The CyberWire Daily Podcast 6.17.24
Ep 2090 | 6.17.24

Scattered Spider hacker snagged in Spain.


Spanish authorities snag a top Scattered Spider hacker. HC3 issues an alert about PHP. WIRED chats with ShinyHunters about the breach affecting Snowflake customers. Meta delays LLM training over European privacy concerns. D-Link urges customers to upgrade routers against a factory installed backdoor. A new Linux malware uses emojis for command and control. Vermont’s Governor vetoes a groundbreaking privacy bill. California fines Blackbaud millions over a 2020 data breach. Guest Patrick Joyce, Proofpoint's Global Resident CISO, sharing some key challenges, expectations and priorities of chief information security officers (CISOs) worldwide. N2K’s CSO Rick Howard for a preview of his latest CSO Perspectives podcast episode on The Current State of XDR: A Rick-the-Toolman episode. Be sure to change those virtual locks. 

Today is Monday June 17th 2024. I’m Dave Bittner. And this is your CyberWire Intel Briefing.

Spanish authorities snag a top Scattered Spider hacker. 

Spanish authorities, with assistance from the FBI, have arrested 22-year-old Tyler Buchanan, a key figure in the Scattered Spider hacking group, notorious for attacking organizations like MGM Resorts, Twilio, and Apple. Buchanan was apprehended in Palma de Mallorca while attempting to fly to Italy. He controlled $27 million in bitcoin at the time. This marks the second major arrest of a Scattered Spider member in 2024, following Michael Noah Urban's earlier capture. Despite these successes, experts warn that the group's decentralized nature means they are likely to continue their activities, with new leaders ready to step in.

HC3 issues an alert about PHP. 

The Health Sector Cybersecurity Coordination Center (HC3) of the U.S. Department of Health & Human Services issued an alert about a critical vulnerability in PHP affecting healthcare systems. This remote code execution flaw impacts PHP versions on Windows from 5.x to 8.3.8. The vulnerability allows attackers to execute arbitrary code when PHP is configured for CGI interaction, posing significant risks to servers. Discovered on May 7, 2024, the flaw stems from an old argument injection bug. Researchers recommend updating PHP to the latest version or applying a ‘mod_rewrite’ rule for unsupported versions. Despite recent detection, exploitation attempts are already occurring. HC3 emphasizes the need for robust cybersecurity measures, training, and utilizing resources like CISA's Cyber Hygiene Vulnerability Scanning services.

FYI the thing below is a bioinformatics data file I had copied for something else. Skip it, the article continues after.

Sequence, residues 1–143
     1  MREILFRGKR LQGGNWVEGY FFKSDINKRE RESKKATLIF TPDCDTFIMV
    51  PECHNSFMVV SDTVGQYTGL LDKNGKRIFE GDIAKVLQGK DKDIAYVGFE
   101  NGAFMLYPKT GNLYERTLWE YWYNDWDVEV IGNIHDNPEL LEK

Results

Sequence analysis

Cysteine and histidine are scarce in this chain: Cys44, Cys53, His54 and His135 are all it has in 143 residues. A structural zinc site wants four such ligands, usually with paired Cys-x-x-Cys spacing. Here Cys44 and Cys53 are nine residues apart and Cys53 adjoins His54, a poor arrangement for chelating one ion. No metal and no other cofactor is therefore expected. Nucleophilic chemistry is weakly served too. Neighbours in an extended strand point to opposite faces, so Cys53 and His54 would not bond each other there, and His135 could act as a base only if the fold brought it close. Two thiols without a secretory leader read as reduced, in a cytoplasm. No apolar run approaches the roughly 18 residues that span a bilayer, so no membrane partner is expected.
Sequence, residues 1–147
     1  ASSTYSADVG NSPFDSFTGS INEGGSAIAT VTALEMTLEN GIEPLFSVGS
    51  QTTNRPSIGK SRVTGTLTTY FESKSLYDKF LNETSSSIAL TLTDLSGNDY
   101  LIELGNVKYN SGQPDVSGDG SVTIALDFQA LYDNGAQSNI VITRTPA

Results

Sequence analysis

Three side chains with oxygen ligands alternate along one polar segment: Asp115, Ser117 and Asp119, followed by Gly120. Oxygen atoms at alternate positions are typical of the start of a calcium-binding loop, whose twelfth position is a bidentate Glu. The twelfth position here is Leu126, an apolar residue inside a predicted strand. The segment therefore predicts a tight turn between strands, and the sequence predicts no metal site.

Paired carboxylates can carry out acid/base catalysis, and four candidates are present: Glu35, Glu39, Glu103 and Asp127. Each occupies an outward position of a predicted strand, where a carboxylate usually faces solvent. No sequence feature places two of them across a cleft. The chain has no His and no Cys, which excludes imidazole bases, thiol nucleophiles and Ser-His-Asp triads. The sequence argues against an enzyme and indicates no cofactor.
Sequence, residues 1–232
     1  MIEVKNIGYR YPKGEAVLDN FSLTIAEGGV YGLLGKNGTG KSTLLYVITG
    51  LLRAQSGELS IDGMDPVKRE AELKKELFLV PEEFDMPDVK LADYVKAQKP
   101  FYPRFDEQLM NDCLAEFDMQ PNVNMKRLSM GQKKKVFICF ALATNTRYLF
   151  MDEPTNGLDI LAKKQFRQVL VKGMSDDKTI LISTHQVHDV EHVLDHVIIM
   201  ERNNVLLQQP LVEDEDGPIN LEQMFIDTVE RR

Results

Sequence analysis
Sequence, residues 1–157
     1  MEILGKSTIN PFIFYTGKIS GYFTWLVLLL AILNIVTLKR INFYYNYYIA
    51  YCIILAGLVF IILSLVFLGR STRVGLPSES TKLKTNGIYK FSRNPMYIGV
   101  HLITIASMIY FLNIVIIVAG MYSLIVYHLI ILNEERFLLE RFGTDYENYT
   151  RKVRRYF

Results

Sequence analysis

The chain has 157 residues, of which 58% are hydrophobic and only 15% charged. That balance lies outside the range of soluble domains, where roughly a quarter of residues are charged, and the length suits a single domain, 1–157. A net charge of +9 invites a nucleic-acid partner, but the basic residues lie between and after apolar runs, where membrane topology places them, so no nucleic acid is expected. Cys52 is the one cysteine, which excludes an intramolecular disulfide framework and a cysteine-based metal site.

WIRED chats with ShinyHunters about the breach affecting Snowflake customers. 

In a piece for WIRED, Kim Zetter describes how hackers, including the ShinyHunters group, breached Ticketmaster and other Snowflake customers by first compromising EPAM Systems, a Belarusian-founded contractor. WIRED spoke with an individual claiming to be a member of ShinyHunters through a text chat. In the breach, about 165 accounts were affected, including Ticketmaster and Santander, with stolen data involving millions of sensitive records. The vulnerability stemmed from an EPAM employee’s infected computer, allowing hackers to access credentials stored in a project management tool. Despite EPAM’s denial, evidence suggests hackers used these credentials due to the lack of multifactor authentication (MFA) on Snowflake accounts. Snowflake is now working to mandate MFA for all users.